The National Labour Council recently announced CLA no. 149, a new legal framework for teleworking in Belgium. CLA no. 149 is set for a fixed term and is valid until 31 December 2021. If an employer in Belgium has not yet introduced a formal teleworking policy within their company, they must do so as quickly as possible.
Before the introduction of CLA no.149, telework was categorized as either structural and voluntary telework or occasional telework.
- Structural and voluntary is governed by CLA no. 85 and under this employer and the employee must agree upon an amendment to the existing employment contract.
- Occasional telework referred to work that was occasionally performed, such as when the employee is unable to come to work due to unforeseen circumstances, and so they teleworked. This type of telework does not require a formal framework and is governed by the Act concerning Agile and Workable Work.
CLA no. 149 creates a new type of telework, “corona telework”, and creates a separate legal framework for this type of work.
What does CLA no. 149 mean for organizations?
Here are the key elements that organizations need to understand.
Reimbursement of costs
An employer is obliged to reimburse the employee for all costs associated with connections and communications. Apart from these costs, the employer can also decide to reimburse the employee for other telework costs, for example, electricity and heating, small office supplies, printing material expenses.
There are several ways to reimburse an employee, such as granting a lump sum office indemnity. In the case of regular and structural telework, the employer can grant a lump sum indemnity of €129,48 per month without applying for a ruling.
Please note: the Belgian tax authorities stipulate as a condition for this indemnity that all employees, without distinction in function, must receive the same indemnity.
In addition to the maximum amount of € 129,48 per month, the employer can reimburse the following:
- € 20 per month if the employee uses their personal computer for professional purposes.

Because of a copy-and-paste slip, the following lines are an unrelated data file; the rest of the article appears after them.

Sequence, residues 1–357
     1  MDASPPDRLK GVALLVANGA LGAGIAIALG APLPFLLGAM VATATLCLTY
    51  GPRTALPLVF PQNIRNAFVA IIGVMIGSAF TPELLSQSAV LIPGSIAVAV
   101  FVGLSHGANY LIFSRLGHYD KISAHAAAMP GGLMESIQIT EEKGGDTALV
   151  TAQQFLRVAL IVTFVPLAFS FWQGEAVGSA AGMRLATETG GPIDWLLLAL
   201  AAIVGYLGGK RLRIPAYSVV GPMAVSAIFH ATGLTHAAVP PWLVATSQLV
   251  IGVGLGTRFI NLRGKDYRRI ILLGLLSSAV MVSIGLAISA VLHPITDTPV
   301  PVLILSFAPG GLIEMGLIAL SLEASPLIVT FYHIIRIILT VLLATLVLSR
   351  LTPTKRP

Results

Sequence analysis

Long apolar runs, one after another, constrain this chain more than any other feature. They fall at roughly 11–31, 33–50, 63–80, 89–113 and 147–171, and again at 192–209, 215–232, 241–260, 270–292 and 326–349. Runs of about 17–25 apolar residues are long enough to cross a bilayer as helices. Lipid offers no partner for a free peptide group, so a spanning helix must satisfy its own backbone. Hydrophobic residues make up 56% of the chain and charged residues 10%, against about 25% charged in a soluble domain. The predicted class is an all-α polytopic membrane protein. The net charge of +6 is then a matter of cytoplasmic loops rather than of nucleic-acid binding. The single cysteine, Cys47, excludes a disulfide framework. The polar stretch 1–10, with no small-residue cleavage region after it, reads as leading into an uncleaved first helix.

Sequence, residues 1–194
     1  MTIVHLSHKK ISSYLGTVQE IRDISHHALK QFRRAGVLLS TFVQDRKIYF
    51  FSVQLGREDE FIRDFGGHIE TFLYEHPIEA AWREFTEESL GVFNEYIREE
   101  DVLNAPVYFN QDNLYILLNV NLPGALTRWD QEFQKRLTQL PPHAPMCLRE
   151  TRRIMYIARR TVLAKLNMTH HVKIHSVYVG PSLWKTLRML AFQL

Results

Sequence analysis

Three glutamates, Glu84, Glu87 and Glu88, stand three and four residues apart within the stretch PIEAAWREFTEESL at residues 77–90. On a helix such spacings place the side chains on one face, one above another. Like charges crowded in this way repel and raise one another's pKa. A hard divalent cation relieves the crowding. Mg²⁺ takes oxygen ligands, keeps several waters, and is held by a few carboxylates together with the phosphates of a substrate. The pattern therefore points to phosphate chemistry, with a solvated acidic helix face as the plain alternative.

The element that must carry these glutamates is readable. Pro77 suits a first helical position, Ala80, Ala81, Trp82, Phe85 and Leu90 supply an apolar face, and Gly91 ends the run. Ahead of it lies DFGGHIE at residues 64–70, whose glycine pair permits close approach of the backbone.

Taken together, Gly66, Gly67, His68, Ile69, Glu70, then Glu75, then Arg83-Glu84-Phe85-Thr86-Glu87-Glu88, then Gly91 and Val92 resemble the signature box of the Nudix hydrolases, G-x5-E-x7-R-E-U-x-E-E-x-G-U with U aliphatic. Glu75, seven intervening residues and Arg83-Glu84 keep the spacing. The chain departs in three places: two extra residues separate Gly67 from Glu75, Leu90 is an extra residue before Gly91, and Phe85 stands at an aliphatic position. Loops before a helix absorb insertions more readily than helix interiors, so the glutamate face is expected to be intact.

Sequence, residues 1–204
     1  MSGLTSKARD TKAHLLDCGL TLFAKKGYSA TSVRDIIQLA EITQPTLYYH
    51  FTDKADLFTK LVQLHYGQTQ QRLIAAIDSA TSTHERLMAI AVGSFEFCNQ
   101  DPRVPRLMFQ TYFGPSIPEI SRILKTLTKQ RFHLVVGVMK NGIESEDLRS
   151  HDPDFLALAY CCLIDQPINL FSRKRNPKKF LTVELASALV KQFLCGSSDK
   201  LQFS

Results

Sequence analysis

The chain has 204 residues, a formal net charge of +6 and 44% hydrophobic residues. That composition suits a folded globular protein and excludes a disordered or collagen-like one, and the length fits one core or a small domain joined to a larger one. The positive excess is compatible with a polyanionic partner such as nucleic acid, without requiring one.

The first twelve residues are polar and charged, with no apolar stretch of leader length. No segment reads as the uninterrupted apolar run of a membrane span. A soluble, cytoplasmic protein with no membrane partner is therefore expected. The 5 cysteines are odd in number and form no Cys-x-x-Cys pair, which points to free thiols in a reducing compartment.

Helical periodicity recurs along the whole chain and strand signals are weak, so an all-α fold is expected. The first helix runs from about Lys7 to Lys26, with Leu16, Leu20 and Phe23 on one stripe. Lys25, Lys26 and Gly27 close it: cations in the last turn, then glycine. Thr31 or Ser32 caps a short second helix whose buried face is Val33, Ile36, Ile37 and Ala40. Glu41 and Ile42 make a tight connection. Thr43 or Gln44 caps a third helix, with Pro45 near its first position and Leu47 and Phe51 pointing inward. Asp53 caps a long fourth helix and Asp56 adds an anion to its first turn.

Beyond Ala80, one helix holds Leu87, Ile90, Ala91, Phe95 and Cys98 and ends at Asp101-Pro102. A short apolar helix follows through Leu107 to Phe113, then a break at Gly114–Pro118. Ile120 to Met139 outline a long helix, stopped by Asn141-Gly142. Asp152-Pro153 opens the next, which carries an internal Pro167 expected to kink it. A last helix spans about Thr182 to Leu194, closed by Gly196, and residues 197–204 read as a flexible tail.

- € 20 per month if the employee uses their internet connection for professional purposes.
These payments are only made if the office and internet costs are not reimbursed to the employee in another way.
What employees are covered by the policy?
All employees who perform telework based on a government decision and did not have an existing telework policy before 1 January 2021, are included.
If an employee did have a telework policy before 1 January 2021 (for example, in the form of an annex to the employment contract in the framework of CLA no. 85), that policy continues to apply.
CLA no. 149 still allows employers to introduce a structural telework policy for an indefinite duration, for example, in the framework of CLA no. 85.
How does the employer introduce this policy?
There are several ways:
- A collective labor agreement on company level (if there is a trade union delegation in your company)
- A modification of the workers’ regulations
- Individual arrangements with employees
- Internal communications. The individual arrangements and telework policies have to be communicated explicitly, for example, via the company’s intranet, or email.
What should the policy include?
CLA no. 149 aims to create a framework for the corona telework. Employees need to be informed about the specific employment conditions complementary, or otherwise, that apply when they return or start work at the employer’s premises.
The employer and employee need also to ensure that they cover the following:
- the provision by the employer of the equipment necessary – for example, a laptop, as well as technical support
- who will pay the expenses related to the installation of relevant IT programs, operating costs, maintenance costs, and deprecation, if the employee uses their personal equipment
- additional connection costs, for example, an employee’s personal phone subscription.
Every employer and employee should, to the extent possible, make arrangements about:
- the working schedule, which typically will correspond to the current working schedule
- the process for following up on results and evaluation criteria
- the availability of the employee.
Furthermore, the employer should inform the employee about:
- the company rules concerning the protection of data as well as limitations and sanctions for the use of IT equipment and tools
- the methods used by the employer to monitor the results and/or the employee’s performance (if applicable). Any monitoring should be done in an appropriate, proportional manner and respecting GDPR rules
- company wellbeing policy and prevention guidelines, in particular about the outfitting of the workplace at home, adequate use of screens, and the available support in terms of technology and IT
- the names, contact data, and a description of the support offered by the employee’s direct supervisor, and occupational health officers.
Other obligations of the “corona telework” employment situation
Teleworkers have the same rights and obligations regarding employment conditions as those applicable when an employee works at the employer’s premises.
Teleworkers can organize their work timetable to align with the company’s working hours schedule.
Finally, CLA no. 149 recommends that every employer take appropriate measures to maintain the teleworker’s connection with their colleagues and the company to avoid isolation, paying particular attention to “vulnerable” employees.